If you’re an appreciator of the arts, there has never been a better time than right now to visit Buenos Aires. The capital has been a cultural hive for artists, intellectuals, and other members of the creative cognoscenti for well over a century, but the attention it commands on the global stage has ramped up in recent years. Buenos Aires hosts one of Latin America’s most influential art fairs (arteBA); it was crowned UNESCO’s first City of Design in 2010; and it was the inaugural participant in 2017’s Art Basel Cities program. Though museums and galleries are ubiquitous throughout BA, you don’t need to duck into a white box to get an art fix in this town; the entire city is a canvas. It’s vibrant, multicultural, rich with murals and wheatpastes, and blessed with architectural flourishes inspired by — some may argue “borrowed from” — Paris, Madrid, New York, and beyond. It’s the best kind of cultural mashup — everything from everywhere all at once, synergized into something strangely familiar yet altogether unique.
Art Basel Cities Week runs from September 6 to 12, and with it comes a multi-venue exhibition featuring newly commissioned and existing works by 18 Argentine and international artists. This coincides with arteBA Fundación’s Gallery Weekend Buenos Aires (September 7 to 9), where more than 40 galleries are staging special exhibitions, studio tours, immersive performances, and art talks. Among the week’s highlights: chats with Argentina’s own Luciana Lamothe and Mariela Scafati, plus New York artist Stan VanDerBeek’s Cine Dreams, an eight-hour, overnight planetarium projection intended to be slept through. (Whatever strange dreams may come will be recorded in the morning — it’s called art, people.) And with nonstop routes running daily from JFK and Newark to Buenos Aires’s Ministro Pistarini International Airport (EZE), it’s easier than ever to get down there. Here’s what you don’t want to miss.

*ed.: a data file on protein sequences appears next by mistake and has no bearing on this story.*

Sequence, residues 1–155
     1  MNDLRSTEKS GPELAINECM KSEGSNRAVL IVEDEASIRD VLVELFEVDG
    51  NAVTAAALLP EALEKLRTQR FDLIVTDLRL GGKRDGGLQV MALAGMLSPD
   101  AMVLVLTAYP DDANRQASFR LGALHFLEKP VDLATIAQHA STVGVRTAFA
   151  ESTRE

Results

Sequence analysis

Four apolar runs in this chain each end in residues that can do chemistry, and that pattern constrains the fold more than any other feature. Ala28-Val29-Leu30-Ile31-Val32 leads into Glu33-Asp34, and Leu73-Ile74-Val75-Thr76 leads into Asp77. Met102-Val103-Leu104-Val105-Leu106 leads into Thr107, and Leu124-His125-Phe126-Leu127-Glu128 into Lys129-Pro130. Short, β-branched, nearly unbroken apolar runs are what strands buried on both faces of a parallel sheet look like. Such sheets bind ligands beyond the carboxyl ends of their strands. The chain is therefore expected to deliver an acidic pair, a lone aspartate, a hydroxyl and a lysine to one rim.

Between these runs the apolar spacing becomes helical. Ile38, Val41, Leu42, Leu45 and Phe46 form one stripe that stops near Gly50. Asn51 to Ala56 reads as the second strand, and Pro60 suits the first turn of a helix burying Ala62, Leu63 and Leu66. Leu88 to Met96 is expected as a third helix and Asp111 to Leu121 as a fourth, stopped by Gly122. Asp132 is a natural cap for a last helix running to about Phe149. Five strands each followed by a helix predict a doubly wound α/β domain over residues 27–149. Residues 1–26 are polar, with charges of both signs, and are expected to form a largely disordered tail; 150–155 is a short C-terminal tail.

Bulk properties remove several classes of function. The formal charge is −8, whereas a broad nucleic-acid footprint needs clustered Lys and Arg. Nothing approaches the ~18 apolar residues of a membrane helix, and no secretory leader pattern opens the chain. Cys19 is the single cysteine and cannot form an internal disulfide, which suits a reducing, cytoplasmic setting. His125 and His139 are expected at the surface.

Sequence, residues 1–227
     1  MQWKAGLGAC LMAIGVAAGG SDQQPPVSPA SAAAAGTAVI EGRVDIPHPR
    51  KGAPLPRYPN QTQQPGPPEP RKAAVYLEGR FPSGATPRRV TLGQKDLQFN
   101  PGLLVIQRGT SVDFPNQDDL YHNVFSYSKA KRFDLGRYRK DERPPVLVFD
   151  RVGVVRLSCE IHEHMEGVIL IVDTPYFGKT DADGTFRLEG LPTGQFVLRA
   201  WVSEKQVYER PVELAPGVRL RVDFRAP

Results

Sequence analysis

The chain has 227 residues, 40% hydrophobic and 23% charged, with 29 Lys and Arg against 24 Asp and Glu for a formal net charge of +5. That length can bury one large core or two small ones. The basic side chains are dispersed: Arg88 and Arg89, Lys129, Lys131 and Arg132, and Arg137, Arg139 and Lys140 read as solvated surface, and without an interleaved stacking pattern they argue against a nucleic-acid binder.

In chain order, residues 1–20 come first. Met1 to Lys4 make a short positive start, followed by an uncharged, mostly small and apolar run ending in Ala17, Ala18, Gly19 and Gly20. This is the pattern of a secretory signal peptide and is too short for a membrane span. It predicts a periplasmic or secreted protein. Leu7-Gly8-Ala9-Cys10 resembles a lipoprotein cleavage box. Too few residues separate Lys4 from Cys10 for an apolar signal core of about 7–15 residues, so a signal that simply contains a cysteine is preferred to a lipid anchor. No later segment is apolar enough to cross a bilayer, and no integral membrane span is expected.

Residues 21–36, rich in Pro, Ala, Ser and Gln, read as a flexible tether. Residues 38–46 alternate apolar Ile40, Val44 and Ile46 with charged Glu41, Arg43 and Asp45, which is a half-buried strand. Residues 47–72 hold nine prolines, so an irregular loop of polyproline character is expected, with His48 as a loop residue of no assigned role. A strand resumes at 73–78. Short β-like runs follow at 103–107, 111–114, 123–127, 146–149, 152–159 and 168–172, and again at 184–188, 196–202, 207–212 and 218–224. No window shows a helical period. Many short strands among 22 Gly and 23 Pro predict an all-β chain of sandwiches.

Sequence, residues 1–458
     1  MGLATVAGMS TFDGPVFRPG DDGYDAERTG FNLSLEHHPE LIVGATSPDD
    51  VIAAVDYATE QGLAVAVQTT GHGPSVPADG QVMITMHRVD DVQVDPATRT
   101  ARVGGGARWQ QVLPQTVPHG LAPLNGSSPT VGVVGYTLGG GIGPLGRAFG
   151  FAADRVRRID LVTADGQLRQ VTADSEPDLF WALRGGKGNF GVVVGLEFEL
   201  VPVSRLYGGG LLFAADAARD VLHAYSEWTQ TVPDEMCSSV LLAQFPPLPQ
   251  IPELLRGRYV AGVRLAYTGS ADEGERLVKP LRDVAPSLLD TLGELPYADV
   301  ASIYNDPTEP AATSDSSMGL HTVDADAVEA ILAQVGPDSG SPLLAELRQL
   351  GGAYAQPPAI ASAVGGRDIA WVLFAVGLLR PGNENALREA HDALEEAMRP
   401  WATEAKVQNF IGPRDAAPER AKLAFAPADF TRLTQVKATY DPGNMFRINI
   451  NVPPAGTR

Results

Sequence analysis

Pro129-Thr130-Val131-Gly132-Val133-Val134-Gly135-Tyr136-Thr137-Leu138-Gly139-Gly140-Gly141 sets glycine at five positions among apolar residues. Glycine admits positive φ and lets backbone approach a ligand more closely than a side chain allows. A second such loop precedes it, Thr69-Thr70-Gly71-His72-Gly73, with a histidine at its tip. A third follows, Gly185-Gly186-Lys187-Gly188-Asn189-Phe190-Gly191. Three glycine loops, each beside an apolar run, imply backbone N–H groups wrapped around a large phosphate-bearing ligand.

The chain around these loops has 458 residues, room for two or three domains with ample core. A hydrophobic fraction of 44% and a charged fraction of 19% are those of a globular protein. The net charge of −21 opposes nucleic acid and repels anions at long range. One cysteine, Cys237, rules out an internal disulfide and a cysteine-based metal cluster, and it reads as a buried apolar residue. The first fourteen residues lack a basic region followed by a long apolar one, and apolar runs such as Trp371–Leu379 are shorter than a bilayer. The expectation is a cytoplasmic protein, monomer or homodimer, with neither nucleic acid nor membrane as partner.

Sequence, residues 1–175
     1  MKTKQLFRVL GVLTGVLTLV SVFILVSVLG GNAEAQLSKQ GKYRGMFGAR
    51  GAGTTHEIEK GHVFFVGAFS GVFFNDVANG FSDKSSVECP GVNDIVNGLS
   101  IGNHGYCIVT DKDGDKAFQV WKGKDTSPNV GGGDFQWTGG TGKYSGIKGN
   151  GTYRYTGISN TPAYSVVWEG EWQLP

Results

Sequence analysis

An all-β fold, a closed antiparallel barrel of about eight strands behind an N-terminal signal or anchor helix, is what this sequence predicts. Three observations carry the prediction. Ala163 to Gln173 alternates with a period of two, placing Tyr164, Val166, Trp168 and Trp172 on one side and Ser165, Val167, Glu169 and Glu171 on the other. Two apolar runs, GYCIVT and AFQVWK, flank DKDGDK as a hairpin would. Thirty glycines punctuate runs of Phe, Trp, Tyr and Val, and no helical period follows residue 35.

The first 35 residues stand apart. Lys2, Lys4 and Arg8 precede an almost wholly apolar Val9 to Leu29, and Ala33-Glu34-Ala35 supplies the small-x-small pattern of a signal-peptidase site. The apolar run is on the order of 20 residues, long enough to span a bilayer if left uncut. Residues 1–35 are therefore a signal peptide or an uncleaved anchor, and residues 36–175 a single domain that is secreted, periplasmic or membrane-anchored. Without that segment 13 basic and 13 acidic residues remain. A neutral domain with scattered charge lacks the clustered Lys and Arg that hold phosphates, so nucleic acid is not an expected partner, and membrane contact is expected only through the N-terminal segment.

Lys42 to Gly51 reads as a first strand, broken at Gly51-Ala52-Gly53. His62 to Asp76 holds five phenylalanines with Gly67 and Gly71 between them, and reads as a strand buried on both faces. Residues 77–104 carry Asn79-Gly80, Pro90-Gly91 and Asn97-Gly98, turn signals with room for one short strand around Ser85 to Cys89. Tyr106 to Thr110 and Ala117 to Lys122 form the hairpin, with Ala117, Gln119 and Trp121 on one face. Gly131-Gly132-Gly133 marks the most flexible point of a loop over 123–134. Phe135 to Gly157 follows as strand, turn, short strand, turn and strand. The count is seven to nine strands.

When to Go
Because Argentina is located in the Southern Hemisphere, its seasons are reversed. New York’s fall is Buenos Aires’s spring, and you couldn’t pick a lovelier time to visit El Capital Federal. Room rates are more competitive in spring than summer and temperatures linger in the 50s, 60s, and mid-70s from September to November. Best of all: The jacaranda trees bloom in late fall, painting the town purple.
Where to Stay
Because Buenos Aires is so spread out and it can take half an hour to move from one neighborhood to the next by taxi, it’s essential to choose your accommodations based on where you expect to spend the most time. Palermo, Recoleta, and San Telmo are solid bets for arts disciples or anyone planning to do a lot of sightseeing and museum- and gallery-hopping. Airbnb lists many stylish apartments in these areas, but the boutique hotels are neck and neck in the looks department.